Young voters are anxious, and turning out to vote in record numbers

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Young people are more anxious about politics than ever. Is that why they’re turning out to vote in 2022?

Young voters aren’t apathetic — they’re anxious.

Stress over where, how and for whom to vote — and wondering if their vote even matters — plays an overwhelming role in young peoples’ electoral participation.

Numbers-wise, these uncertainties aren’t preventing young voters from showing up. This midterm season, 18- to 29-year-olds are projected to keep up their record-breaking turnout at polling places around the country, continuing the upward trend in electoral participation seen in recent years.

But these stressors are shifting how young people are navigating electoral politics, participating despite their trepidations. Young advocates and organizations around the country are helping their peers overcome these voting anxieties, while simultaneously working to remove their root causes.

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Young people are voting — and they are not a monolith

There are two narratives attached to the youngest voting bloc that aren’t accurate, many experts say.

First, young people, oft accused of being apathetic, are showing up on Election Day. In 2016, only 39 percent of 18- to 29-year-olds cast a ballot, compared to 50 percent in 2020 — still the lowest compared to older age groups, though by a much closer margin than in the past. In November, the number of young people at the polls is expected to match that of the 2018 midterms, which was a historic high.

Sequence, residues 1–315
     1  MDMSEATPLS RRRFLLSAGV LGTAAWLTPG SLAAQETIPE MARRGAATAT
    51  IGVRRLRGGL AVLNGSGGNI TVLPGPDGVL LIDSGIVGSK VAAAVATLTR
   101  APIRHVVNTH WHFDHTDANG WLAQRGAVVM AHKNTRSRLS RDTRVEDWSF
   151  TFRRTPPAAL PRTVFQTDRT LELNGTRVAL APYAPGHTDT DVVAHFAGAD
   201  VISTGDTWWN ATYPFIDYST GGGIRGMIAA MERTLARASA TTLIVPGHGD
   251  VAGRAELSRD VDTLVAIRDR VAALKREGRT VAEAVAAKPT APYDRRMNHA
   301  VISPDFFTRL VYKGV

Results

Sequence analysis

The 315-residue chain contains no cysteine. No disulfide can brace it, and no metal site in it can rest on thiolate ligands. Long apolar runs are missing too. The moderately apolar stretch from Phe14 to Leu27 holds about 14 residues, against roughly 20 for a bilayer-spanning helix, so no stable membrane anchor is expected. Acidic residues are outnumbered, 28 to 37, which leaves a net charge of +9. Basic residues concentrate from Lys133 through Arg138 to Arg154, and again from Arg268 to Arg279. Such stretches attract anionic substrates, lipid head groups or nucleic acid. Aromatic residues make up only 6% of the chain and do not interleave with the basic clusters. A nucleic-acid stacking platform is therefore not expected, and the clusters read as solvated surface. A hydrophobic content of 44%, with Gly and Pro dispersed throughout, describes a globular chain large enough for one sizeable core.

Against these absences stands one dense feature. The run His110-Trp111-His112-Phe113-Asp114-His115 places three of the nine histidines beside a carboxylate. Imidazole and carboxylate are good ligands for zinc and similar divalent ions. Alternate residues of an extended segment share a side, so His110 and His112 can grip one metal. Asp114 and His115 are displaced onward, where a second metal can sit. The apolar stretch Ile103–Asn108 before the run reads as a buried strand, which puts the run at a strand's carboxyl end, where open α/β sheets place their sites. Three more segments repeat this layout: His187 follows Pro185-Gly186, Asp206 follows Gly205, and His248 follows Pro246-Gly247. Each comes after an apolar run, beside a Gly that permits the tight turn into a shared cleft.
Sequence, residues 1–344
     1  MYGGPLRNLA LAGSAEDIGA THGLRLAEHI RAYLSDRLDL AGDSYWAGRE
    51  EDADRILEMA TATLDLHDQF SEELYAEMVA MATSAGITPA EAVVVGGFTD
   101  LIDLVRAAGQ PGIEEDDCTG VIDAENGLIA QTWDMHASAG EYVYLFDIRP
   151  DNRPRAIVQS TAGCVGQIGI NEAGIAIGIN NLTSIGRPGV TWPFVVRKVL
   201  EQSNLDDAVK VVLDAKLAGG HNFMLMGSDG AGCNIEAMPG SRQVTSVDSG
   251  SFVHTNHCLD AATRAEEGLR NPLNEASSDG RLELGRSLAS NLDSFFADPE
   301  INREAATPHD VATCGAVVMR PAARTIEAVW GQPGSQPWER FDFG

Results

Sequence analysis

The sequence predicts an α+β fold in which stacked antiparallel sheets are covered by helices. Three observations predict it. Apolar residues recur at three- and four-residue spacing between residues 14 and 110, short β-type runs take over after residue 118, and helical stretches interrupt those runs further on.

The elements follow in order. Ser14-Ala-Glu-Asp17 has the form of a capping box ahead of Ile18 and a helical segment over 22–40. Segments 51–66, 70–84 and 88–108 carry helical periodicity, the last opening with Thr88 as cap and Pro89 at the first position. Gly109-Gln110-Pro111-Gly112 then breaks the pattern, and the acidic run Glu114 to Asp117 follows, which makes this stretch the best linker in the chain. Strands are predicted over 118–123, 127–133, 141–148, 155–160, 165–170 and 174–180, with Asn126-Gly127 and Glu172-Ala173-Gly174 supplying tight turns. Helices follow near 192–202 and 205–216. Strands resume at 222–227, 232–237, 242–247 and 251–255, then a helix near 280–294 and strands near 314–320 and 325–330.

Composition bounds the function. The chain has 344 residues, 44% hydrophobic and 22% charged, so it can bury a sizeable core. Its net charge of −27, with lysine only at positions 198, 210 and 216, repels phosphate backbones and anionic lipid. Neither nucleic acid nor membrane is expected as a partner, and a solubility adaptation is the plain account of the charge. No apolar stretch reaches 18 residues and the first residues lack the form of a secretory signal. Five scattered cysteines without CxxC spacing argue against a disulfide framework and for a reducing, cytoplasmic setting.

And second, young people are not a monolith. By 2025, 50 percent of 14- to 24-year-olds in the U.S. will be non-white. Approximately 14 percent live in rural areas. Those under 30 years old are more disaffiliated from organized religion than ever before. And the number of young immigrant voters — or those who come from immigrant families — is greater than ever and continues to grow.

Stress and anxiety are driving young people to ballot boxes

Since 2016, the uptick in young voters closely following elections and becoming engaged in electoral politics can be attributed almost completely to the stress and anxiety they feel over their futures and freedoms, experts say. The role of politics and polarization during the pandemic, nationwide reckonings on racism and policing, the climate crisis and recent abortion bans have all affirmed — directly and in short order — how government decisions affect individual lives.